We may as well keep a close eye on Palin, if only to keep our finger on the pulse of the right-wing’s beating heart. Or at least its heartthrob. And who knows? Maybe Palin has more tricks up her sleeve than we give her credit for. Perhaps she’s playing all her cards just right, and will surprise us all come the 2012 primaries (which I believe start in 2010…?). You just never know.I think that's exactly correct, except to say that while the 2012 primaries don't begin until 2012, the nomination contest is certainly going on right now (and has been going on for over a year). I don't think that Palin is particularly likely to win the GOP nomination, but she's a serious candidate of sorts for it right now, and the most visible of the serious candidates -- her ability to get things she says noticed is, no question about it, greater than that of Mitt Romney or Tim Pawlenty. And in my view, Sullivan is absolutely correct about the shockingly small amount of scrutiny that the Framer-bashing former half term governor has received. It really is weird, and unprecedented, that she never gave an open press conference in 2008, and has restricted herself to friendly media since then, and I think the political system is helped when things like that aren't allowed to be forgotten.
However...I have to admit that I don't understand the energy and space that Sullivan has devoted to her family, and especially to her youngest son. I can't claim that I've read every word of Sullivan on Trig, but I've read quite a bit, and frankly I have no idea why I should care what the truth is about the situation. I get that Sullivan thinks there's a high probability that what we've been told isn't the truth. But surely pols have the right to dress up their private business in the nicest possible clothing for public consumption, as long as it doesn't have any implications for how they would govern, or for anything else. And as far as I can see, it doesn't. As far as I can see, none of the rumors or possible explanations for behavior Sullivan has identified as odd would really tell me anything important about Palin.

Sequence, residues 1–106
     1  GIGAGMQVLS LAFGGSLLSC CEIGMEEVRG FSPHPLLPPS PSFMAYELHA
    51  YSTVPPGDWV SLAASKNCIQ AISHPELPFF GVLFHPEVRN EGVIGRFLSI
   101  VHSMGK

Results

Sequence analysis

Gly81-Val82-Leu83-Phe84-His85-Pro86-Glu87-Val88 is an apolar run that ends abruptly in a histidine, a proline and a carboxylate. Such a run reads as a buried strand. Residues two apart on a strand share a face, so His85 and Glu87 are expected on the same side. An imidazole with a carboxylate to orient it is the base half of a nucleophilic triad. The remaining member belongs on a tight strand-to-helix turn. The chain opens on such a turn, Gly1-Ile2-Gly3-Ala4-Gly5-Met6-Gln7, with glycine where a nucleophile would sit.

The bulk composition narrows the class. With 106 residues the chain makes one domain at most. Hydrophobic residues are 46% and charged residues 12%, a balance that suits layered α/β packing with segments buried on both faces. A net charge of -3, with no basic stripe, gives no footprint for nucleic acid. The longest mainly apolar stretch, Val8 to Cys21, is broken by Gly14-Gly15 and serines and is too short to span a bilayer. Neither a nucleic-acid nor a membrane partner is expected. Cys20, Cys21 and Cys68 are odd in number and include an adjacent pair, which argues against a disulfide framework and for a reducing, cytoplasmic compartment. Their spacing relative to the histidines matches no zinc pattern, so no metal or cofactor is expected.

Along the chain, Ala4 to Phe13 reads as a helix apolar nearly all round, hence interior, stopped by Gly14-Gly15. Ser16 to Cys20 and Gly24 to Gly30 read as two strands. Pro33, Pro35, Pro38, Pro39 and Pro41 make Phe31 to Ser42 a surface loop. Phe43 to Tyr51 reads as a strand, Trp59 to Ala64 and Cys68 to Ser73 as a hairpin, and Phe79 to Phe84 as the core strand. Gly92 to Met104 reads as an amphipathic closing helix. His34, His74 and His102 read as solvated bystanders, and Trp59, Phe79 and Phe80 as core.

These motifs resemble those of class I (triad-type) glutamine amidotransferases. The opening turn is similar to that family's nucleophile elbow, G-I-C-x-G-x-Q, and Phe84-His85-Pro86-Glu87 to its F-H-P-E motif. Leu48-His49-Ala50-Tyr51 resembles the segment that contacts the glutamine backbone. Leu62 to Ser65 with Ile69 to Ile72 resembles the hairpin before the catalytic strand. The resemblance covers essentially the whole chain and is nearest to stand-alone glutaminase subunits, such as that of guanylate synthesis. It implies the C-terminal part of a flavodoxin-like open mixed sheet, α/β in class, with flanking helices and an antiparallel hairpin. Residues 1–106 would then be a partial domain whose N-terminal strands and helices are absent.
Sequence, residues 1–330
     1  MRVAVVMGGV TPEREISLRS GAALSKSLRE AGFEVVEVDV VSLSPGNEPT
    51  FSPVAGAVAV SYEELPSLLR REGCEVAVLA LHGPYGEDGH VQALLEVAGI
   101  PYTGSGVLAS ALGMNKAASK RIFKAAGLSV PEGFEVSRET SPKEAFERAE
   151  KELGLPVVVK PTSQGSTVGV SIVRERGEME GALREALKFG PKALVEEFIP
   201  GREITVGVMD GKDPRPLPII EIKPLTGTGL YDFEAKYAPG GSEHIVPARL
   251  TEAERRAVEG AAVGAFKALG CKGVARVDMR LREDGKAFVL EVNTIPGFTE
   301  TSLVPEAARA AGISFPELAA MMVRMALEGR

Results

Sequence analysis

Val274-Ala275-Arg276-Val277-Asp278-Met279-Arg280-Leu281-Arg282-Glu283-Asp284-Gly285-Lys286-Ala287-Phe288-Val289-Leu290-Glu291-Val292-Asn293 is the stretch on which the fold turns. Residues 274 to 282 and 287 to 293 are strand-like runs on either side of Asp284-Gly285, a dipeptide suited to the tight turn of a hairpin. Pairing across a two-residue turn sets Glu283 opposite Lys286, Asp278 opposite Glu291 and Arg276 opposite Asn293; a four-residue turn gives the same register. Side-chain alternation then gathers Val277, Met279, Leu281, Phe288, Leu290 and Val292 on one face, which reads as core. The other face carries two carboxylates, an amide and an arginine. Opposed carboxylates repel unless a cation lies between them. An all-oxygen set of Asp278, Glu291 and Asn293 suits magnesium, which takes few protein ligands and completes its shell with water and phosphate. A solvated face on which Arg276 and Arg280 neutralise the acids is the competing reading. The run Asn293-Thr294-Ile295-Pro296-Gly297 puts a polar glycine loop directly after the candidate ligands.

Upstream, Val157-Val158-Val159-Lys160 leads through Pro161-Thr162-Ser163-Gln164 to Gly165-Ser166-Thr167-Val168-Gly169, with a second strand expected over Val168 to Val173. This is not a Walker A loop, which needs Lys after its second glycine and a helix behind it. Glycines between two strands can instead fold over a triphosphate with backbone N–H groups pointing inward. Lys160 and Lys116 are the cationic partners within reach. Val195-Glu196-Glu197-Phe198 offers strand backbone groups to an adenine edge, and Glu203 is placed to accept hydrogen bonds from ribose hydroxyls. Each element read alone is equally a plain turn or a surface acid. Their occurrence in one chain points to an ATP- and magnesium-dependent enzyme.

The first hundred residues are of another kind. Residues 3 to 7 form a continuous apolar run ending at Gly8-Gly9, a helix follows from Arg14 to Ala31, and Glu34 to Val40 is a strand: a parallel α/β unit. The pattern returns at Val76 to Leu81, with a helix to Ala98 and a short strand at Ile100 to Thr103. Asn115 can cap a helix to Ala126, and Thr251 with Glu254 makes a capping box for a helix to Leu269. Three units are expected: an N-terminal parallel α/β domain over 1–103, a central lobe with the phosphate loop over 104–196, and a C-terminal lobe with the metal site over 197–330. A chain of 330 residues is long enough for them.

I think I have to be a little less vague about this. Sullivan believes that Palin's birth story for her youngest son is implausible. I think he has a good case for that, for what it's worth. As I've read over the last two years, I've seen three possible explanations. The first is the wild one, that the baby isn't really hers; she's covering for someone else's inconvenient pregnancy and has adopted that child. The second is that she was an irresponsible mother, and took terrible risks given the dangerous nature of the pregnancy. The third is that she made the whole thing up, or most of it: she invented a heroic birth story, and then wound up being stuck with it when she suddenly had a massively larger audience.
So. Let's say one of these is true. Why should I care?
I'm tempted to say that Sullivan owes it to us to explain what he thinks is at stake in the story of Palin and Trig, but I think that's not quite right. I'll leave it at this: as a regular reader, I would like to know what he thinks is at stake here. And I might even believe that he owes it to Palin and her family to explain why the stakes are high enough to outweigh their privacy. At least for me, it has to be more than just her habit of straying from the truth; we have more than enough examples of that. Now, granted, Palin herself has led with her family often enough that I can't say I feel particularly sorry for her on this score, but -- and again, just in my opinion -- that's not a reason to invade her family's privacy. I do believe that such reasons can exist, but I haven't seen it in this particular case. And given the amount of attention Andrew Sullivan has devoted to the topic, I'd like to know why he thinks it's important.
But the general point -- is Palin someone who should be subject to critical scrutiny and analysis by the media? Obviously, yes. No question about it at all.